Once rendering on the object we selected was completed, we took the score from dialog box, which indicates the average PPS for the benchmark. A higher PPS indicates faster system performance.

Pov-Ray 3.7 Beta 13a

The pixel rate counter (PPS) in POV-Ray is based off of the number of pixels rendered in the current frame divided by the total amount of time spent on the whole animation. This gives the effect of dividing the true pixels per second by the current frame number. With POV-Ray 3.7 Beta 13a we are able to look at a recent SMP benchmark to judge the differences between Yonah and Merom. The benchmark shows that the Intel Core 2 Duo Processor T7600 easily takes the win over The T2600 processor. If you want to compare the numbers from this article to desktop processors feel free to look at our desktop Core 2 article HERE.

Sisoft; Sandra 2007 SR1

Sisoft; Sandra 2007 SR1:

SiSoftware, founded in 1995, is one of the leading providers of computer analysis, diagnostic and benchmarking software. The flagship product, known as "SANDRA", was launched in 1997 and has become one of the most widely used products in its field. SANDRA is used by almost 400 world-wide IT publications, magazines, review sites to analyse the performance of today?s computers.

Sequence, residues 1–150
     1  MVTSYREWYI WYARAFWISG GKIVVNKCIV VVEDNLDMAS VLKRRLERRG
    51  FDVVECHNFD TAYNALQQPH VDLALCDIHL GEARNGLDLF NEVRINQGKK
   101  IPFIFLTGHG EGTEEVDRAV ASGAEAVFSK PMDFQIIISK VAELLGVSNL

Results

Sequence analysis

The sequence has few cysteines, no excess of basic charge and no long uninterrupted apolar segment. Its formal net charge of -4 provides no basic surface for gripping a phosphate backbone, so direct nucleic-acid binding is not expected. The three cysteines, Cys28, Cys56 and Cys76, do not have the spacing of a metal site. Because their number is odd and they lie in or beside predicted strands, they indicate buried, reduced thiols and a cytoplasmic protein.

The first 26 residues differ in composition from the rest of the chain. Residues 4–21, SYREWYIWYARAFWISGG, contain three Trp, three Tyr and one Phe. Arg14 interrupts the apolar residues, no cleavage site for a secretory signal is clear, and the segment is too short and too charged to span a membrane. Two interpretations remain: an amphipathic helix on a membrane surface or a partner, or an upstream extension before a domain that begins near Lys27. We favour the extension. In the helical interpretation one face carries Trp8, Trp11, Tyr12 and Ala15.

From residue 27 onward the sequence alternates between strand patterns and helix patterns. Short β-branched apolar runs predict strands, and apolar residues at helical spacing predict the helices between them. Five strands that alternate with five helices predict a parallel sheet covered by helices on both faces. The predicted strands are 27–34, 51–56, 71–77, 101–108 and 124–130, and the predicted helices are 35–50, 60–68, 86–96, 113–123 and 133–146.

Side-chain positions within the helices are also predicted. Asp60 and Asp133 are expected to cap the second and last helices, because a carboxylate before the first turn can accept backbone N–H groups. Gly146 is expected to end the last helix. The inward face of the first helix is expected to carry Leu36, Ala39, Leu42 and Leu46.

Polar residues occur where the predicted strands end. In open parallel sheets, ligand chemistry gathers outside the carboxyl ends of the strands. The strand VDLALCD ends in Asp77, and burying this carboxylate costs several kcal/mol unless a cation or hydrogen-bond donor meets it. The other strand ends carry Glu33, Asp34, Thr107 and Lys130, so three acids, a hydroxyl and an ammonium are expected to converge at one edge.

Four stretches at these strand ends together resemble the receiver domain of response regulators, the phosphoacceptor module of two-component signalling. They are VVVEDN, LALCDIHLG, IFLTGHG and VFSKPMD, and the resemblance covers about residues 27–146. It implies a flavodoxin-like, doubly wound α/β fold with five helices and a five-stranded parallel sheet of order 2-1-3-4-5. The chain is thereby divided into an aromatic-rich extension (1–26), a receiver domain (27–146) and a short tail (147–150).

Multi-Core Support: As well as SMP (multi-processor) and SMT (multi-threading/Hyper-Threading) support we have added multi-core support for future AMD and Intel CPUs. The benchmarks have been optimised to schedule the optimum number of threads on the optimum (virtual) CPU on both multi-core and Hyper-Threaded computers.

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Running the Sandra multimedia benchmark we find that the T2600 has an Interger score of 33,598 it/s and a Float score of 45,727.  While this score is good the T7600 has an Interger score of 127,767 and a Float score of 69,285.

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CineBench 9.5 and Super PI


CINEBENCH 9.5 is the free benchmarking tool for Windows and Mac OS based on the powerful 3D software CINEMA 4D R8. The tool is set to deliver accurate benchmarks by testing not only a computer's raw processing speed but also all other areas that affect system performance such as OpenGL, multithreading, multiprocessors and Intel's new HT Technology. Again, higher Frames/Second and lower rendering time in seconds equal better performance.

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Our Cinebench 9.5 results show again how the T7600 just reigns supreme over the T2600, completing the benchmark at an 17% faster pace in single CPU benchmark and 18% in the SMP results.  The T7600 looks like it's doing well so far!

Super Pi Mod Version 1.5 XS:

Super Pi calculates the number Pi in this raw number crunching benchmark. The benchmark is fairly diverse and allows the user to change the number of digits of Pi that can be calculated. In this benchmark we ran Super Pi to 1 million places.